"Caroline Flack: Her Life And Death" Raises Important Issues Around Fame And Mental Health – Here Are 13 Takeaways From The Documentary
"She hated that people thought she was this awful person."
🚨 TW: This article includes references to self-harm and suicide. 🚨
Channel 4 has just dropped Caroline Flack: Her Life And Death, a heartfelt documentary exploring the untimely death of the TV presenter who died by suicide in February of last year.
Through testimony from her family, friends, and colleagues, we learn about how fame affected Caroline, and how intrusion by the press and constant criticism on social media damaged her mental health behind-the-scenes.
The documentary is devastating to say the least, and reveals the sad truth of how being in the media spotlight can really affect a person's self-worth. Here are some of the things we learned after watching:
1. Caroline's rise to fame coincided with the rise of social media.
2. Many of her friends believe it is the press who are ultimately responsible for Caroline's death.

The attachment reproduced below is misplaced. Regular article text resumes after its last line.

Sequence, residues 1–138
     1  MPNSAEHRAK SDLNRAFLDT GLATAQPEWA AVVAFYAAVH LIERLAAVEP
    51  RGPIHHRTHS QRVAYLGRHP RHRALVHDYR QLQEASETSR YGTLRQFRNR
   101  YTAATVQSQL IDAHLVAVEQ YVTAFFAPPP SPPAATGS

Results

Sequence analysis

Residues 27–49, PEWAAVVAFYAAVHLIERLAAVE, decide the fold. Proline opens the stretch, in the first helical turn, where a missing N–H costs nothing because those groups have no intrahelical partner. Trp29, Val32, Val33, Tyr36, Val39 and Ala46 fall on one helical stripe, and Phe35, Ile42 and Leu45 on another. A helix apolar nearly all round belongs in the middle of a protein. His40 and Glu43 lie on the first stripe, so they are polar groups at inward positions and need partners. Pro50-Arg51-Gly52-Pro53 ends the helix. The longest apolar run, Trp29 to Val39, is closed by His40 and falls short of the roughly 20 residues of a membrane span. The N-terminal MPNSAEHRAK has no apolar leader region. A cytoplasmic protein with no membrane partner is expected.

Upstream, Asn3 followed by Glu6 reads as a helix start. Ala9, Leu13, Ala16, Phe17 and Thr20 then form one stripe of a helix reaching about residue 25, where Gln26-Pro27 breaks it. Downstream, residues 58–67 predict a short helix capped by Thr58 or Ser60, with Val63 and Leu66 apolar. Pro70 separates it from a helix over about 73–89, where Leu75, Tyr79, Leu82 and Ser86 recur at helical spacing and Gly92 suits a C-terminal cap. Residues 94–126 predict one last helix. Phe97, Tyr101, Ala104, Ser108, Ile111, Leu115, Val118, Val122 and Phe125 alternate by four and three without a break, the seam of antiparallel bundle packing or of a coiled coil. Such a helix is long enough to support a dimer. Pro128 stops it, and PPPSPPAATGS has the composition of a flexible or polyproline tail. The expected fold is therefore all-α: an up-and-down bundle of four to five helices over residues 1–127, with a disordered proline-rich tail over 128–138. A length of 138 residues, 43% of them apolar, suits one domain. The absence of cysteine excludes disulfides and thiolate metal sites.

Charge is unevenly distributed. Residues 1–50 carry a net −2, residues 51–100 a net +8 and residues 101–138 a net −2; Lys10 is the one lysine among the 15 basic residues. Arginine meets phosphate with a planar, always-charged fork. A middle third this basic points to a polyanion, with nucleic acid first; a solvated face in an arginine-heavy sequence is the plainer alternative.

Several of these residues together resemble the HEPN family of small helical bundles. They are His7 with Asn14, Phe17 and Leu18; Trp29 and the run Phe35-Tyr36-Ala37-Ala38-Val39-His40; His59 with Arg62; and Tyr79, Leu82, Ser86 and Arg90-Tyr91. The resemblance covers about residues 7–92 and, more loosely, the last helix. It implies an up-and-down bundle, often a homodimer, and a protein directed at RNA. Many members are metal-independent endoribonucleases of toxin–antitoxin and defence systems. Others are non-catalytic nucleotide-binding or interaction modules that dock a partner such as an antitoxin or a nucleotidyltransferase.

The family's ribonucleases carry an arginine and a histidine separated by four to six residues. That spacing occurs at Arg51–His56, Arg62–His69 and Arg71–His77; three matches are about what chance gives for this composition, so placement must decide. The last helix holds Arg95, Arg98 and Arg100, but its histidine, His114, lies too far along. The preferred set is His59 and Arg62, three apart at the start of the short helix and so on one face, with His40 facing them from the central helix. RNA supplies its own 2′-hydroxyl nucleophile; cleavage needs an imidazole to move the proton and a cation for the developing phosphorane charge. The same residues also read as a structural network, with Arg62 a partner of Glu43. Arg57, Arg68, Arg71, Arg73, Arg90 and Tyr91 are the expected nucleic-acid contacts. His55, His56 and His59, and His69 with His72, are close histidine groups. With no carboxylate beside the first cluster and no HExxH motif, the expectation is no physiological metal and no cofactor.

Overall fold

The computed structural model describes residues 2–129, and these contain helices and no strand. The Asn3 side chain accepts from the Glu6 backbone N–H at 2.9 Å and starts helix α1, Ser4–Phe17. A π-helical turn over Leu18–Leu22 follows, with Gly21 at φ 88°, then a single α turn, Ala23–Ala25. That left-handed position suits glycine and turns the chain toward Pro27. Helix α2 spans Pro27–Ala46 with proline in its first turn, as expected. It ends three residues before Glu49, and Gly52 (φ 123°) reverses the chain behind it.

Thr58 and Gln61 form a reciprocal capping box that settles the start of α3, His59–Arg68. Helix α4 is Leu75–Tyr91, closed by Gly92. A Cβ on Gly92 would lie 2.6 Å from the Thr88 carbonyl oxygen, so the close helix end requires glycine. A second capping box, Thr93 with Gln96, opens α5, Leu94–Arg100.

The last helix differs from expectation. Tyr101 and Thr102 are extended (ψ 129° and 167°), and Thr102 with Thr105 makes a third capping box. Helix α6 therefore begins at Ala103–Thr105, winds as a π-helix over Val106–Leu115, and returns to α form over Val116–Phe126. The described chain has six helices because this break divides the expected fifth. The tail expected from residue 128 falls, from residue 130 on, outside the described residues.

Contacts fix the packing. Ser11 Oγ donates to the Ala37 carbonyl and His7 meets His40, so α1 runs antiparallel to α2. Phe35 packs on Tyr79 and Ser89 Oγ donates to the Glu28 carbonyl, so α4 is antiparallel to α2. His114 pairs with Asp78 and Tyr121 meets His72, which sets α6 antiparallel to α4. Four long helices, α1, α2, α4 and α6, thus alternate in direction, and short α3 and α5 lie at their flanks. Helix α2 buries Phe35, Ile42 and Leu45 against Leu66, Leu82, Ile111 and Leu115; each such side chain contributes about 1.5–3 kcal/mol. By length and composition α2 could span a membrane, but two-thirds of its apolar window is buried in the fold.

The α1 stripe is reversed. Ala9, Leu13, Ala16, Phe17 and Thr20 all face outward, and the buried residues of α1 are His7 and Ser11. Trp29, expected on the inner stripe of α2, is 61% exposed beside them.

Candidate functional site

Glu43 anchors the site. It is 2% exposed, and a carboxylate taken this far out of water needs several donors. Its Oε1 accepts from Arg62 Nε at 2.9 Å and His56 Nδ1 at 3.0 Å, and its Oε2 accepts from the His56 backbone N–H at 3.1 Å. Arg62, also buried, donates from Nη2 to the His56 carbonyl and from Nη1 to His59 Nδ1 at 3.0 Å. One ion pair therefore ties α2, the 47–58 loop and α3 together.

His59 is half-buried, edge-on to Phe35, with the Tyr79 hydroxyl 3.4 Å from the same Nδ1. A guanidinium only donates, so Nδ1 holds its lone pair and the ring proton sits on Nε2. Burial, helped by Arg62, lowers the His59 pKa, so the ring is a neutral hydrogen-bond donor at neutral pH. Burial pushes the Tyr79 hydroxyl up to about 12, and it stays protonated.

3. In her mum’s view, Caroline wasn’t super well known until she landed a presenting gig on the The Xtra Factor.
4. After hosting The X Factor, Caroline received an unprecedented amount of hate online.
5. Caroline was addicted to social media.
6. She was very discreet about her mental health.
7. Caroline had two very opposing aspects to her personality – on the one hand she was massively confident, and yet she was extremely vulnerable on the other.
8. She left home at age 16 for drama school in Cambridge.
9. Caroline may have assaulted her then-boyfriend – model and ex-tennis player Lewis Burton – in December 2019, because she thought he had been texting with another woman.
10. According to Caroline's agent, the blood that appeared on the sheets of Caroline's bed in the infamous photograph printed in The Sun was actually her own.
11. She felt ashamed that people saw her as an abuser.
12. Caroline’s cat, Waffle, now lives with her mum.
13. Caroline spent her last Christmas with her immediate family.
If you need help with suicidal thoughts, please reach out for help using the links below.
International suicide helplines can be found at befrienders.org. You can text SHOUT to 85258 in the UK for free anonymous 24/7 crisis support from Shout, an affiliate of Crisis Text Line. The Samaritans also provide 24/7 support and are contactable on 116 123.
In the US, you can text TALK to 741741 to reach the Crisis Text Line. The US National Suicide Prevention Lifeline is 1-800-273-8255.